Ontario to End Use of Segregation for People with Mental Health Disabilities

The Human Rights Tribunal of Ontario issued a consent order requiring Ontario to end the use of segregation for people with mental health disabilities across its correctional facilities, barring exceptional circumstances, on January 16th 2018. The Order was obtained on the consent of the Ontario Human Rights Commission and the Ontario government.

The order arose as a result of an application filed by Christina Jahn, who was placed in long-term segregation at the Ottawa Carleton Detention Centre because of her mental health disabilities and gender.

According to the chief commissioner of the OHRC, Renu Mandhane, “the order confirms that the government must take immediate action to end the segregation of people with mental health disabilities,” and it “includes measures that will keep the spotlight on corrections for years to come.”

The order is a major step towards accountability and transparency and should be celebrated; however, it also raises the question of how the Ontario government will ensure that accountability, transparency, and justice prevails for prior cases- like Soleiman’s.

The HRTO’s order highlights the negligence in care by correctional facilities in Ontario. It also leads to the question of whether Soleiman’s death could have been prevented had the order been issued sooner.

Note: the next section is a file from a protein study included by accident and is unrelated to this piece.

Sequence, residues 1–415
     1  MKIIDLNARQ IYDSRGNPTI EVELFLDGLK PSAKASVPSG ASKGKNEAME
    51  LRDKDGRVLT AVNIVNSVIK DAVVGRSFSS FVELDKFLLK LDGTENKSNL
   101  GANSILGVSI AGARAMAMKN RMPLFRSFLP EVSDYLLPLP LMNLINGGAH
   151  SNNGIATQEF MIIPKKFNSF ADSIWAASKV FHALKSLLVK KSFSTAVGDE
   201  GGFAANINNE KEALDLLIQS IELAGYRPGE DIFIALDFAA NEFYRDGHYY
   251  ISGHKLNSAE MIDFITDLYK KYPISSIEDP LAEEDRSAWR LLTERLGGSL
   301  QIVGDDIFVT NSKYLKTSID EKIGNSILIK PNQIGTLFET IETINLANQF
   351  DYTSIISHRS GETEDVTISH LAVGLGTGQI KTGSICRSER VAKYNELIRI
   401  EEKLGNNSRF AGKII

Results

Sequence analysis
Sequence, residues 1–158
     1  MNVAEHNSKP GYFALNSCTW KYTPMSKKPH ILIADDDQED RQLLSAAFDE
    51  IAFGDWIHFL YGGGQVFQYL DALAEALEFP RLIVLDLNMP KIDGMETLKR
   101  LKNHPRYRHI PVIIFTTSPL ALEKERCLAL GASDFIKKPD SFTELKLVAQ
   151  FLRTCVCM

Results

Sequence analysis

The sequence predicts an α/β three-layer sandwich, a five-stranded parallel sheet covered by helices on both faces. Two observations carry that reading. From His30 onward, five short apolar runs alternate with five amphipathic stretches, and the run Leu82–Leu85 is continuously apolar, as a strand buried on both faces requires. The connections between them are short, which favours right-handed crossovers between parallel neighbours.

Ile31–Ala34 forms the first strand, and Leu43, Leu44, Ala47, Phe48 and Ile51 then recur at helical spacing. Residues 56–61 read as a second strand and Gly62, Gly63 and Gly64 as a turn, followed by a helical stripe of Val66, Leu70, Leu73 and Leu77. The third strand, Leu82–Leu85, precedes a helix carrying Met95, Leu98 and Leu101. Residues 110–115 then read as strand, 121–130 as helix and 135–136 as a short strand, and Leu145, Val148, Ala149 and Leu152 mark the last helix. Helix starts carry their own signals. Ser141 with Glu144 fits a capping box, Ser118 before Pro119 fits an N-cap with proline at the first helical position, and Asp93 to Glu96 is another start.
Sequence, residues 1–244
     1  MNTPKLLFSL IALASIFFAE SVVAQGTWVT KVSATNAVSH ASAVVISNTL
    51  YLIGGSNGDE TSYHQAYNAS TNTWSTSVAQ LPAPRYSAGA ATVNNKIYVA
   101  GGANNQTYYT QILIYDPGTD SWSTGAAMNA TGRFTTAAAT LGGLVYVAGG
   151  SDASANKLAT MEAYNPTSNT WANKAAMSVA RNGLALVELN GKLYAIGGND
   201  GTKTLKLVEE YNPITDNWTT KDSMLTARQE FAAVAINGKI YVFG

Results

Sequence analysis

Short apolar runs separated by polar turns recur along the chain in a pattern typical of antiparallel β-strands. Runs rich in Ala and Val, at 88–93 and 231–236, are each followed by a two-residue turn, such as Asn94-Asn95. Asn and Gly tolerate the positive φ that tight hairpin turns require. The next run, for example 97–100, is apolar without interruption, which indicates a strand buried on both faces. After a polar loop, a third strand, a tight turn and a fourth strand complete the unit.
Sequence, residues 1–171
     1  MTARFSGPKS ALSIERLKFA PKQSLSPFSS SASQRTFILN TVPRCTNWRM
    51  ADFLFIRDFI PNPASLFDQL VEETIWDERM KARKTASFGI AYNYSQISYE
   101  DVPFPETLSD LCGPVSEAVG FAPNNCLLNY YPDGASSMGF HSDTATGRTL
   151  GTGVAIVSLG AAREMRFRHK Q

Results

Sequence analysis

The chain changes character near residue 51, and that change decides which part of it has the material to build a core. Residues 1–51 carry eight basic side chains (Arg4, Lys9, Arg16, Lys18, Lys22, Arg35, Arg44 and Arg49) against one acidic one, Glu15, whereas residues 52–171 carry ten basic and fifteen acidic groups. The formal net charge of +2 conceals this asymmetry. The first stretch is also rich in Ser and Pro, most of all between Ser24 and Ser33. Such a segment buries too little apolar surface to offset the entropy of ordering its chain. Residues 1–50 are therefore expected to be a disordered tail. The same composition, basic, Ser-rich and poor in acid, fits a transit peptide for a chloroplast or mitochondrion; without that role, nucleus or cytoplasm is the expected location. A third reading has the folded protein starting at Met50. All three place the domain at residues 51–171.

Press Statement by OHRC: http://www.ohrc.on.ca/en/news_centre/ohrc-obtains-tribunal-consent-order-keep-people-mental-health-disabilities-out-segregation


Soleiman Faqiri was killed under government care on December 15 2016. Soleiman’s stay at the Central East Correctional Centre (CECC) in Lindsay, Ontario was meant to be a temporary measure, yet it ended up being fatal. In October 2017 the Kawartha Lakes Police Service (KLPS) announced that no charges would be laid against any Lindsay CECC officers. Several media reports have questioned about whether the police service was far enough removed from the case to conduct its probe impartially.

For Soleiman’s family, other families of victims killed in prisons, the Ontario Human Rights Commission, the legal community, the mental health community, and all Ontarians, the inquest into his death is a litmus test as to whether the Province is seriously committed to transparency and reform.

The Justice for Soli Campaign aims to find transparency and accountability, for the individuals responsible for his death to be charged, and equally important it seeks to be an agent for true reform.

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